5 Questions for ... Gary MacNamara, Fairfield police chief stepping down
FAIRFIELD — At the age of 52, Police Chief Gary MacNamara is stepping down from the job.
But after working his way up through the ranks, MacNamara won’t be going far — just across town to Sacred Heart University, where he will become executive director of public safety and government relations, a newly-created position.
During his time with the department, MacNamara helped uncover a money laundering and prostitution ring that operated between Connecticut and Florida. He also served as the negotiator when students and a professor were taken hostage at Fairfield University. He is now known as the man in the red stilettos in the campaign against domestic violence.
His last official day will be Oct. 26, and it will end with a small march from police headquarters to the Fairfield Theatre Co. on Sanford Street for a retirement party. Rumor has it MacNamara, who has been known to take a turn at the microphone in New York City comedy clubs, will perform some of his stand-up routine.
But before he leaves, MacNamara, who was born in Canada when his father, a U.S. Customs agent was stationed there, answered a few questions about his time with the department. It was his father’s eventual transfer to Bridgeport that brought MacNamara to Connecticut, where he grew up in Shelton and attended Shelton High School.
Q: Why did you decide to become a police officer, what it something you always wanted to do?
A: I think growing up watching my father put on his uniform every day getting ready for work led to my desire to go into law enforcement. When I was much younger, I would sometimes go to work with him. He was so dedicated and loved his work, spending 50 years in government service.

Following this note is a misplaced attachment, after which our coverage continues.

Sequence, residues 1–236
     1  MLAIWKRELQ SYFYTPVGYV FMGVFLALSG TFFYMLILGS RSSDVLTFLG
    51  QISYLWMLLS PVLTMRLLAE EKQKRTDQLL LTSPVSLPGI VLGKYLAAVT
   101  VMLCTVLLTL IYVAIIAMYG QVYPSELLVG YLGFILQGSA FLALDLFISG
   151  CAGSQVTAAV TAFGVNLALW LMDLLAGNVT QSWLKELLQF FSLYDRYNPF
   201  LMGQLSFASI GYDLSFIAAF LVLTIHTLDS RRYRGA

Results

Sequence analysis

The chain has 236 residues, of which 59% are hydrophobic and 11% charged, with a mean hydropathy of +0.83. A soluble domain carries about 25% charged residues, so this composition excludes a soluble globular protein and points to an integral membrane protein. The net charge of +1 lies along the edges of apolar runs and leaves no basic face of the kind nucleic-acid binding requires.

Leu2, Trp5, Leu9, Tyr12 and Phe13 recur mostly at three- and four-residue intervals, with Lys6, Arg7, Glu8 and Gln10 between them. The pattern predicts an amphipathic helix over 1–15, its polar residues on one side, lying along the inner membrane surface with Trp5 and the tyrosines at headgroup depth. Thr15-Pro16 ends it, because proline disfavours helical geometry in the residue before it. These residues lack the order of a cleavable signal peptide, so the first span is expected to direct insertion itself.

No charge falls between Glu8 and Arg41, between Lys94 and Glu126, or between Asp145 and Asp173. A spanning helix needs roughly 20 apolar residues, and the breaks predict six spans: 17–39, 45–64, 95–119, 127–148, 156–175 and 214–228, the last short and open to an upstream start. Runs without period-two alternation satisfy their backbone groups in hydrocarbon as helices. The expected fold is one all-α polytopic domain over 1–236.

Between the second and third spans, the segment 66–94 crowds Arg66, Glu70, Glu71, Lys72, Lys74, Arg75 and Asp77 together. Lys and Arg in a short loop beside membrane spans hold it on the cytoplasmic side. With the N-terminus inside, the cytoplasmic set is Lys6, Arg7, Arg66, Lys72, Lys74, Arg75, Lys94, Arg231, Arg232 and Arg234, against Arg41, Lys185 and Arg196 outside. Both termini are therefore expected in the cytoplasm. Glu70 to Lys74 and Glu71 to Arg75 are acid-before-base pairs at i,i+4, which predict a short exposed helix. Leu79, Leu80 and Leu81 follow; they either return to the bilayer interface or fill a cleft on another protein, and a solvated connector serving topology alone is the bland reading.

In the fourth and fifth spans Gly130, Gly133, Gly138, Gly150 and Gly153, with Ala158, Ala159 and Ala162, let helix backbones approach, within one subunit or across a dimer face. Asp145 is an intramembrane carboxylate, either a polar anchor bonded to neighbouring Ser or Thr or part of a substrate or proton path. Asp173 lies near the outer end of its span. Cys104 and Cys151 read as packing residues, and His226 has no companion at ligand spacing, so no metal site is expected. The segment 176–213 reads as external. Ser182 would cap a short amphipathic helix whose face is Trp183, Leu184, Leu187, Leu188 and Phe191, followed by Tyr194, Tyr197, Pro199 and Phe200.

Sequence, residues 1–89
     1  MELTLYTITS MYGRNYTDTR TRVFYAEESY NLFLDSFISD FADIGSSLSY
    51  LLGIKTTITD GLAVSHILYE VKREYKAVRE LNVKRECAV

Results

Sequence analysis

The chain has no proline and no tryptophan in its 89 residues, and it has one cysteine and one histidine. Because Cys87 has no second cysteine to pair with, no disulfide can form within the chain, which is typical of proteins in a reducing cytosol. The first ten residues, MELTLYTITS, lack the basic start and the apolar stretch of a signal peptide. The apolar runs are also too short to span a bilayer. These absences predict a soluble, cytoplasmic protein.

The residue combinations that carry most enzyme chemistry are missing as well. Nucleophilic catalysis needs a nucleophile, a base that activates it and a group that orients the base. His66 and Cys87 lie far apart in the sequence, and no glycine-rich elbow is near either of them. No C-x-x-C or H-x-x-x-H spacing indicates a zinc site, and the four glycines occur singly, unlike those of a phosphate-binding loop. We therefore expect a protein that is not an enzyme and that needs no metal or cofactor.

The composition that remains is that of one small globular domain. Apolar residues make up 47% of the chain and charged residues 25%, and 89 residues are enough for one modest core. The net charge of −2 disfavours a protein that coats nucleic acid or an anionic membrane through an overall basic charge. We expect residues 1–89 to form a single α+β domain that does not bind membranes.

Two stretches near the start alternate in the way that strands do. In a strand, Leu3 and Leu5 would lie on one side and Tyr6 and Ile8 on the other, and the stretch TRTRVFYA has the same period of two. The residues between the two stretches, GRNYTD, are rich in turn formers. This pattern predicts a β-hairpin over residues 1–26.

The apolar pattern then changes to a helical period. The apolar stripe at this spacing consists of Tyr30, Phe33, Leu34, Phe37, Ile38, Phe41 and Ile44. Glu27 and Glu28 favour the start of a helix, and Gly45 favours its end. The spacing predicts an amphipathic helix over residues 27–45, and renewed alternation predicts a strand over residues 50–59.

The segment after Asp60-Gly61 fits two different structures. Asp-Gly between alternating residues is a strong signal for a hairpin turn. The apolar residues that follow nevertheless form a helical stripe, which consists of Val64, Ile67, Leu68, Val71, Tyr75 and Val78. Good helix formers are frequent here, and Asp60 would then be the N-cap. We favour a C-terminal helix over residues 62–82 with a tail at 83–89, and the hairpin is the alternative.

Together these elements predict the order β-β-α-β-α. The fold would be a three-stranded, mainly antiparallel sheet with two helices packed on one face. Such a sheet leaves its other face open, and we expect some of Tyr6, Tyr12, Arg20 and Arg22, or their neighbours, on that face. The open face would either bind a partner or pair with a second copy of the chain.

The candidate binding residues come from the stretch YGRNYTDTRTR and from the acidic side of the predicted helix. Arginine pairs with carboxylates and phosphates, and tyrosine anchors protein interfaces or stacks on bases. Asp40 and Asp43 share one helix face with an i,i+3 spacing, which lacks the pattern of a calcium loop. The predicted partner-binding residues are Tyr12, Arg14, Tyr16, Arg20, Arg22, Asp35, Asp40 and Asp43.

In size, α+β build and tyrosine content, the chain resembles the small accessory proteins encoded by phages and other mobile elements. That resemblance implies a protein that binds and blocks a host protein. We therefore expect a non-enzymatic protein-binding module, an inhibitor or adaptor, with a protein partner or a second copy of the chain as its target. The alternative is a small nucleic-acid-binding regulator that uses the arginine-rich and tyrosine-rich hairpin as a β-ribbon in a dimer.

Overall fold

Q: What brought you to Fairfield?
A: The Fairfield Police Department has always been well respected. While attending the University of New Haven, it was a department that was often referred to. In addition, several Fairfield officers were attending UNH while I was attending. When the test came up, I jumped at the opportunity. I did well and got hired. It was the only police test I ever took.
Q: What has been the most positive change in policing over the course of your career?
A: The most positive change is probably the addition of technology — from computers in our cars, email, realistic training simulations, cameras, accident scene documentation, better communications — have all led to a more effective and efficient agency. It allows us to do so much more, and also allows the community to be more engaged.
Q: What do you think is the biggest misconception the public has about police and police work?
A: I think there are a lot of misconceptions about the police, mostly because sometimes people don’t look beyond the uniform. They perceive all of us from what they see on TV, read on the internet, or through a interaction they may have had. They don’t get to know the people wearing the uniform. We are people who care. We are people who want to help. We are people, who besides being entrusted with the community safety, are dealing with the same concerns, worries and family challenges as everyone else. This is why it is important that we get to know the community we serve, but at the same time important for the community members to get to know us.
Q: What will your new job at Sacred Heart University entail?
A: As we all know, Sacred Heart University is a vibrant, growing institution. I plan on collaborating with members of public safety, the administration and the entire university community to continue to make it a safe place to learn. In some ways it will be very similar to the work I do here only on a smaller, but not less important, scale.